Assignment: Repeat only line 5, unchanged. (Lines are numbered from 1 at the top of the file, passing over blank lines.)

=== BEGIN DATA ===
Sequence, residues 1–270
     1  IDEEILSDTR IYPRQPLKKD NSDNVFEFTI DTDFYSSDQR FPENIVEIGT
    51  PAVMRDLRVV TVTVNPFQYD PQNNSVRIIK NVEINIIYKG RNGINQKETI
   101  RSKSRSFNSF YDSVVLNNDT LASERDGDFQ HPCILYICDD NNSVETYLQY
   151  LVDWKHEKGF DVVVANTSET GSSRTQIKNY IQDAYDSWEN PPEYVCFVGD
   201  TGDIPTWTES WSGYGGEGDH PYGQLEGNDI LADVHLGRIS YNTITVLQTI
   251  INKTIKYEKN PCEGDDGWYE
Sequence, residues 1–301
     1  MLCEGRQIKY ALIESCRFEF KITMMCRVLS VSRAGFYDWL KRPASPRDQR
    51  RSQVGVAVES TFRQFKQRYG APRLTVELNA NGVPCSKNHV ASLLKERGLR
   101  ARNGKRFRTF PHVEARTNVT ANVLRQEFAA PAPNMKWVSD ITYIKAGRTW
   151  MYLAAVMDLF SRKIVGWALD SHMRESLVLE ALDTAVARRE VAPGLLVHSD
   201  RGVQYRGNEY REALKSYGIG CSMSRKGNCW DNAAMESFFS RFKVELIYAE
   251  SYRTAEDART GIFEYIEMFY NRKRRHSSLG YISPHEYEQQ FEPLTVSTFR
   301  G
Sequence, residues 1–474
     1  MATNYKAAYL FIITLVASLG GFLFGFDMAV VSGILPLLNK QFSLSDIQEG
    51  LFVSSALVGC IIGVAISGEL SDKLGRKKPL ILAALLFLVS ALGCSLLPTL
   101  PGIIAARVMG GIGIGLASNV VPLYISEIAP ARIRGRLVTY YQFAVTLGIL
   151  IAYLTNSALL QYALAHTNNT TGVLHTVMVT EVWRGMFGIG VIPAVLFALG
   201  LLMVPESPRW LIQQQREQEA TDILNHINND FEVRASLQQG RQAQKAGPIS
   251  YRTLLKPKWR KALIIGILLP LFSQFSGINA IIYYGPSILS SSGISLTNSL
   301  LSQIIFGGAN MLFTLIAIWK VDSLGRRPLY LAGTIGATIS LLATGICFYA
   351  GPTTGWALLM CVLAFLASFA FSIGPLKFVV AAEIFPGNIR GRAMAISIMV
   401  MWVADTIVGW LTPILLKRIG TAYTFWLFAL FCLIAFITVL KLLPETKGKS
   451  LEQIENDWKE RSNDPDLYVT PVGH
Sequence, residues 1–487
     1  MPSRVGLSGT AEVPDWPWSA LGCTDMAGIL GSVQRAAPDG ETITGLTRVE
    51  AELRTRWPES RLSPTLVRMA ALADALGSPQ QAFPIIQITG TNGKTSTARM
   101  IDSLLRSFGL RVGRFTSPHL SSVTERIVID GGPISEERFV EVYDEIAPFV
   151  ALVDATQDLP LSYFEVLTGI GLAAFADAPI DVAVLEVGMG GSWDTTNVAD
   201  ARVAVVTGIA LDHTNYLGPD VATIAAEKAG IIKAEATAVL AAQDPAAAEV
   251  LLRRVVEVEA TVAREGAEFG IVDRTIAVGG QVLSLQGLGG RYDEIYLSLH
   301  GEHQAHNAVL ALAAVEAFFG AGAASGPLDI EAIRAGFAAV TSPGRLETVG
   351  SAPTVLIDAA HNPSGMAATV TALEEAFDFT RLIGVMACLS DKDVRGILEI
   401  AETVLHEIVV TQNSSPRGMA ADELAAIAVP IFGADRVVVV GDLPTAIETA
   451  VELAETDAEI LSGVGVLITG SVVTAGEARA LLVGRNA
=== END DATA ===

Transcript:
   151  LVDWKHEKGF DVVVANTSET GSSRTQIKNY IQDAYDSWEN PPEYVCFVGD